Android 12L is Google’s third attempt at conquering larger screens. The only way it will succeed is if Google fully commits to it.
He tried a dedicated tablet operating system once but went almost nowhere. Part of the reason for this was a clear lack of enthusiasm for the form factor. Why do third-party developers need to worry? For Google to succeed in Android 12L, it needs to learn from its history and mistakes. Google and Tablets, Take One Honeycomb (also known as Android 3.0), was released almost 10 years ago and represents Google’s ambitions for the tablet form factor in 2012.
This is an operating system that heralds a new era of larger applications and software. Use Screens. Instead, few apps (Gmail, contacts, calendars) were optimized for the Google experience, but the rest were just enhanced versions of the mobile version. The excitement has been obvious for some time, with some third-party developers jumping at ads, tweaking their apps, and using “snippets” like Google recommends splitting large screens into separate sections. Did.
Meanwhile, Apple pushed iOS too much to the iPad, eventually splitting iOS into its own ecosystem. The difference between the two approaches is no longer clear. Take-Two or Chrome OS Experiment Google’s second attempt to build a tablet was made a few years ago when the Pixel Slate was launched. For those who need a keyboard and trackpad, we still offer a complete setup. Unfortunately, receiving the slate wasn’t very enthusiastic. Especially because Google didn’t adjust the interface correctly again. The experience was far from ideal, while the small Chrome icons that weren’t easy to touch and the integration between Android apps and other operating systems were inadequate.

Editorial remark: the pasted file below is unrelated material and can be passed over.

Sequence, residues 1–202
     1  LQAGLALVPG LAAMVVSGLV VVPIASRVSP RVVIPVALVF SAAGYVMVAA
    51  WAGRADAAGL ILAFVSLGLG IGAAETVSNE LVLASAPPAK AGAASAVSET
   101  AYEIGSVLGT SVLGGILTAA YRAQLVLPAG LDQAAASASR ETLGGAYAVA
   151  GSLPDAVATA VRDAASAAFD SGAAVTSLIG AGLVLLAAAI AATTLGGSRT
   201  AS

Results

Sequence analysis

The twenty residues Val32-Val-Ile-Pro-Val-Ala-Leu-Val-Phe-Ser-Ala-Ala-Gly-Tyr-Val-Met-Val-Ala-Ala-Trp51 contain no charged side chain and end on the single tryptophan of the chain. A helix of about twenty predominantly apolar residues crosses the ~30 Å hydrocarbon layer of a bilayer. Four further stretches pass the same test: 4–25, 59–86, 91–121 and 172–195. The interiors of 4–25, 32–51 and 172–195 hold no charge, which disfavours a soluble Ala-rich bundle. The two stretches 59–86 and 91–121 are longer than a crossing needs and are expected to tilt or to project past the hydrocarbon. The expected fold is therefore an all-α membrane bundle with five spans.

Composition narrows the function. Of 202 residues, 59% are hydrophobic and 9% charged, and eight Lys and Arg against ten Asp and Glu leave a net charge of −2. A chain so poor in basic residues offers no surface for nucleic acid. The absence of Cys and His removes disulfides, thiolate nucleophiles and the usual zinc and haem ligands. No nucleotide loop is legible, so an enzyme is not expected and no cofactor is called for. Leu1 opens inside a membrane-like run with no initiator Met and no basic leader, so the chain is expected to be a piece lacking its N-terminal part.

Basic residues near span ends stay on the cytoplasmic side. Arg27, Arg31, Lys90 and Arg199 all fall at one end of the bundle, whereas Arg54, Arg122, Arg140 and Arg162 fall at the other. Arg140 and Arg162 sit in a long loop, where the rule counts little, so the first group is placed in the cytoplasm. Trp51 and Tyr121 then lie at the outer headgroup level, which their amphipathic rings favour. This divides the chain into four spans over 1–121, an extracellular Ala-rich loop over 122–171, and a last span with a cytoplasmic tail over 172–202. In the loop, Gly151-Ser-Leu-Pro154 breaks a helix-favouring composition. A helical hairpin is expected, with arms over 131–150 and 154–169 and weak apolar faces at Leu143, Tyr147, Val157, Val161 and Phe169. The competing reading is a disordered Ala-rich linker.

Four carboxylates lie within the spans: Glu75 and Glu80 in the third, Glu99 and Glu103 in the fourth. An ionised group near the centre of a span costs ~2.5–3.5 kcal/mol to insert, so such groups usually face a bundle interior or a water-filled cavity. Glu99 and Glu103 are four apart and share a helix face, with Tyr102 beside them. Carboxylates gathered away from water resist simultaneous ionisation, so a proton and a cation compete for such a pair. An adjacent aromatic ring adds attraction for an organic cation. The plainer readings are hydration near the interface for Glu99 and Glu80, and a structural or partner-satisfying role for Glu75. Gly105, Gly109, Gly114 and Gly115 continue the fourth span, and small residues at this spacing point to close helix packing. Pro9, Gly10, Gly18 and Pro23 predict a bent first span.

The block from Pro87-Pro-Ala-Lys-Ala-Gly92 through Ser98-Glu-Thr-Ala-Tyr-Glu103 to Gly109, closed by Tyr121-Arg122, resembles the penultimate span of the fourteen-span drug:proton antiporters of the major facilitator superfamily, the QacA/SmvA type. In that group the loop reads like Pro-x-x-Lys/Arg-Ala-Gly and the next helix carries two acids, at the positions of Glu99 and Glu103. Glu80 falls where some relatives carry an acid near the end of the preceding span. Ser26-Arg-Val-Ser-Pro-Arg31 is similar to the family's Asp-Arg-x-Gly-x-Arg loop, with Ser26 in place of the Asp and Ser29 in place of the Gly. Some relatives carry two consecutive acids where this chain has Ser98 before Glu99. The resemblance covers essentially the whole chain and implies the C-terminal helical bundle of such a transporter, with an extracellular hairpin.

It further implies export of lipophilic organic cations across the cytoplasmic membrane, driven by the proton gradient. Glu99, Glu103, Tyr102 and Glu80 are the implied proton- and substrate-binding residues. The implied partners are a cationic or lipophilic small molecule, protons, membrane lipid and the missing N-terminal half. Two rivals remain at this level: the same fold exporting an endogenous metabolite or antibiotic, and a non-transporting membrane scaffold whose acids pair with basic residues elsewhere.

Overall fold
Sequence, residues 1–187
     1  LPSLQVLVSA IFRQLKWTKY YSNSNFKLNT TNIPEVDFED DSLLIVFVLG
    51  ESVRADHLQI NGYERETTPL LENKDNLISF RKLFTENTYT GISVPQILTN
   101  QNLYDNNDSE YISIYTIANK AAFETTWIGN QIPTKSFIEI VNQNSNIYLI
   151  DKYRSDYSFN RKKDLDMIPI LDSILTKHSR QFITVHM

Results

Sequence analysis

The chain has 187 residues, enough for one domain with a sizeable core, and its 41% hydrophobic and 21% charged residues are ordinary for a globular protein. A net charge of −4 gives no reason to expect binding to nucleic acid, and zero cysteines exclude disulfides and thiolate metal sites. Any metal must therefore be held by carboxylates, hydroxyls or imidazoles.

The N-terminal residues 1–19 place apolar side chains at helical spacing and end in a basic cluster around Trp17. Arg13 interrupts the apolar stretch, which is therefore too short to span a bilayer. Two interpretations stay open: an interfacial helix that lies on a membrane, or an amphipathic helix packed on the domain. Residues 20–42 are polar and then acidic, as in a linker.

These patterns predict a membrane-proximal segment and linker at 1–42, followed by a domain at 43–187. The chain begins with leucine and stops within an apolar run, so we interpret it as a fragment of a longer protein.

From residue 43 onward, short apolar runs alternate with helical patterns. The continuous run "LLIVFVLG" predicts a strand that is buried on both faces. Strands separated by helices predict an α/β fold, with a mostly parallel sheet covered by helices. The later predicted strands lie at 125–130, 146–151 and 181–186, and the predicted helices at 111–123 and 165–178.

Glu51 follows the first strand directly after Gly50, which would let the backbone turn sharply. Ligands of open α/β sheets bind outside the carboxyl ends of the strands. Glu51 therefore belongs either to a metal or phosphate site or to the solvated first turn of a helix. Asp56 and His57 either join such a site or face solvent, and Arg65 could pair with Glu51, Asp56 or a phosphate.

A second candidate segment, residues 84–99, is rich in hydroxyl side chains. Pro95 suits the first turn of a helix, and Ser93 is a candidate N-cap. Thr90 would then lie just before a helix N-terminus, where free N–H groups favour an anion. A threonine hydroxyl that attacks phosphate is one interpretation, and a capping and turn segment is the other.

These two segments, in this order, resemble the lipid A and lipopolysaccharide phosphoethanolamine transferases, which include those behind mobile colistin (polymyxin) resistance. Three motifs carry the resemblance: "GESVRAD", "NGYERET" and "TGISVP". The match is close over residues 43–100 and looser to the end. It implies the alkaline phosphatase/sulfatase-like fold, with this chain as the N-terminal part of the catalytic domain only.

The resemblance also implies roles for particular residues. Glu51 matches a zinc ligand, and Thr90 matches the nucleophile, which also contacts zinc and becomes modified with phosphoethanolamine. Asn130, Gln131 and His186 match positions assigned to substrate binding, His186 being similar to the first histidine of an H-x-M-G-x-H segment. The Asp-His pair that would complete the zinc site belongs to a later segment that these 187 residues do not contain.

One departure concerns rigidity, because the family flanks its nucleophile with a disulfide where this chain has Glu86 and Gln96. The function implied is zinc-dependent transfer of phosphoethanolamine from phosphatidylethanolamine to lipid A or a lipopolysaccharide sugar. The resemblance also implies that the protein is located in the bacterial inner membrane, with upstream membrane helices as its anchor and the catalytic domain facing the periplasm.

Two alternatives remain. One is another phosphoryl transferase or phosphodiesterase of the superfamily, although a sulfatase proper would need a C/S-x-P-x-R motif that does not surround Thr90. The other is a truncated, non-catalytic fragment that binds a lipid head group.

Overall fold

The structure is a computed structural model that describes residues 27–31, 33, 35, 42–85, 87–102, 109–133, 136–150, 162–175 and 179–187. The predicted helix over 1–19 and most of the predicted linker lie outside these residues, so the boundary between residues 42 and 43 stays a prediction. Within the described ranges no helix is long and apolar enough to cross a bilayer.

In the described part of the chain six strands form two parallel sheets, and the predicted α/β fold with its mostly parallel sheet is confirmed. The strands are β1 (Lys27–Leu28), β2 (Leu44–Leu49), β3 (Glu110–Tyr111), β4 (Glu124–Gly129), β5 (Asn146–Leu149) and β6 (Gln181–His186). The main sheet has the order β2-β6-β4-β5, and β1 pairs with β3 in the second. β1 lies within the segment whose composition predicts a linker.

There are some great Chrome OS tablets, but the software experience is still very poor. Is Android 12L attractive? The Android 12L is Google’s third entry into the tablet ecosystem, but this time it’s not limited to any particular device type, with the goal of bridging the gap between phones, flaps, tablets and computers. A uniform software experience regardless of screen size. Both the system and the app are tailored to a given canvas, stretch to fit on a large desktop screen when connected to a Chromebox, and thin to fit on a small smartphone. What I’ve seen so far is encouraging. In addition to proper multi-window and multi-tasking support, we will completely redesign the notifications and settings to use the two windows.
The big-screen goal is to display more content in a smarter way, and Android 12L seems to be taking that challenge seriously. But that’s not enough. The system is only part of the equation. The app must follow it. Google has already published extensive documentation and design guides to help developers customize their apps. More important is consistency.